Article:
Late in his career, Jeff published a postcard history of Spartanburg and followed with pictorial histories of Greenville and Converse College. Jeff never envisioned himself as a publishing scholar, but his pictorial histories are valuable resources. The Converse Archives was the fitting domain for Jeff’s final years. He was a teller and keeper of stories. He enthralled alums at Alumnae Weekends and other venues with his tales—of resident ghosts in buildings, legends, and folklore.
Jeff Willis not only presided over our history; he was our history. Institutions have legends. Jeff Willis will remain one.”
From Alumna Perry Wilson ’78:
“I was a History major from the Class of 1978. One of my favorite memories happened during my sophomore year. My roommate that year was Anne Boggess Saint. We invited Dr. Willis to go out with us to hear the band, Archie Bell and the Drells, play at the Loading Dock. We picked him up in my old Chrysler New Yorker land yacht and rode shotgun in the front seat with Dr. Willis between us. A good time was had by all and we reminded Dr. Willis about it at every reunion thereafter! His favorite song they played that night was “Kung Fu Fighting”!
It was a tradition that he invite the senior History majors and some of their friends to his home for dinner. He proudly showed us his toy soldiers and lit his brass candle chandelier prior to serving us a delicious homemade meal!”
From Dr. Mirko Hall:
“Over the past several weeks, much has been written about Dr. Willis (and rightly so!) as the quintessential Southern gentleman-scholar. But did you know that he was also a fashionista, who offered his expert advice to younger colleagues? Jeff told me that if I were to ever spill BBQ sauce on my seersucker jacket, I should not be ashamed! It was a visible sign—no, a mark of honor!—that I had now fully acclimatized to the South.”
From Alumna Marilu Metherell ’99:
“When word of Dr. Willis’ passing came this summer, I was lucky to be in the company of one of my dearest Converse friends, Carla Evans Lovi (also class of ‘99). We were both eager to share our favorite memories of sweet Dr. Willis with our families. Carla reminisced over his collection of toy soldiers. He had a wonderful collection and used it to reenact great battles for his students in class and mesmerize us into remembering facts with ease. I shared many wonderful stories with her of times touring across England and Scotland. He educated us not only on the life and great history of the areas we visited, but also on the social graces required to enjoy a polite afternoon tea and an elaborate 12-course meal. We studied the art, the food, the city, the countryside.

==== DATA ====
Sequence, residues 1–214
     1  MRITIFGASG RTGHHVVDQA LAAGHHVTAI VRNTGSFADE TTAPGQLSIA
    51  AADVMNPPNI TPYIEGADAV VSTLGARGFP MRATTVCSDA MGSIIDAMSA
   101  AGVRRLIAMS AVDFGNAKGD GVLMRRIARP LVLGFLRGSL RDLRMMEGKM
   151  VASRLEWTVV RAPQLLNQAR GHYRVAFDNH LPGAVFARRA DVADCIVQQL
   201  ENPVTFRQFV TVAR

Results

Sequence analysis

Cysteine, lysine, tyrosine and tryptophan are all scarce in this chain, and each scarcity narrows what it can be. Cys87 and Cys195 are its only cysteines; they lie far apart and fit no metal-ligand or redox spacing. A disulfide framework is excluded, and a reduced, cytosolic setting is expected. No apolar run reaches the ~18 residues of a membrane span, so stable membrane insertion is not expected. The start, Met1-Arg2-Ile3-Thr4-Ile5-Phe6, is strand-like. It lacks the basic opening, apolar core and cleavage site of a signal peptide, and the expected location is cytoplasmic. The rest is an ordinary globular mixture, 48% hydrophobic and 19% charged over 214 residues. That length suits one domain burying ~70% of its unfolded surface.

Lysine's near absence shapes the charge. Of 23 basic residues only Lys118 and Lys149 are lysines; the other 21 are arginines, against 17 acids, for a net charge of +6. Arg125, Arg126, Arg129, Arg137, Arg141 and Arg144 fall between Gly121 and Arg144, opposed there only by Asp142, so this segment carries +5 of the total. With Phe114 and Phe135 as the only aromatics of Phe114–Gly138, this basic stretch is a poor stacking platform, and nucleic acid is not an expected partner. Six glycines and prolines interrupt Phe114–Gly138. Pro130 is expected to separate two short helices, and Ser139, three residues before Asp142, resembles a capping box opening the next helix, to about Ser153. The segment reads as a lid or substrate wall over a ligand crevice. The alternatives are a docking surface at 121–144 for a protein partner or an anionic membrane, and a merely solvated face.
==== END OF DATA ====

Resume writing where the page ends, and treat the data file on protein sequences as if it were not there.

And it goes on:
He could be quiet, yes. But, he was also bold. He had friends all over Europe. He knocked on the doors of ancient castles and we would be eagerly welcomed inside for a long visit by a Duke wearing his comfortable slippers or an Earl with a warm hug and genuine fondness for ‘Jeffery!'”
From former Dean and Emeritus Professor of Education Dr. Tom McDaniel:
“Professor Jeff Willis is a difficult person to forget — indeed impossible! He was one of the first faculty members I met and worked with when I came to Converse in 1971; he was Chair of the History Department, then, and I was Chair of the Education Department and Director of the MAT Program; we were colleagues, and I benefited from his example and
“Undergraduate and graduate students alike admired his calm demeanor, his wit, and his sometimes quirky mannerisms.”
Undergraduate and graduate students alike admired his calm demeanor, his wit, and his sometimes quirky mannerisms–telling me on occasion that they thought he was the Converse Mr. Chips or even Ichabod Crane. This was before Yoda of Stars Wars fame or Albus Dumbledore in the Harry Potter novels, but they might also come to mind as one reflects on wise and interesting mentors and professors.
Students who studied with him in his British History courses and went with him on the travel-study program in England (one of our very early such foreign travel courses) found his detailed knowledge of English historical sites and events amazing and unforgettable.
In his later years as an archivist in the Converse Library, he excelled and even added his own scholarly work to our collection with his postcard history of the College and other institutional documents of historical value.
Once in one of our many lunch-time discussions in our College dining hall, I asked him why, on a Friday, he was in suit and tie, since faculty always honored Friday informality customs. He declared that he was a rebel and defied such modern inventions. I am sure he ALWAYS defied casual Friday in his good-humored rebellion.
Others will have even more memories of this remarkable faculty member — one of the finest exemplars of faculty excellence over his lifetime of service and teaching at this college, his academic home for so many years.”If you would like to support Converse in memory of Dr. Willis, you can support the Jeffrey Willis Scholarship Endowment here. Select “other” under ‘I want to support’ and type in “Jeffrey Willis Scholarship Endowment.”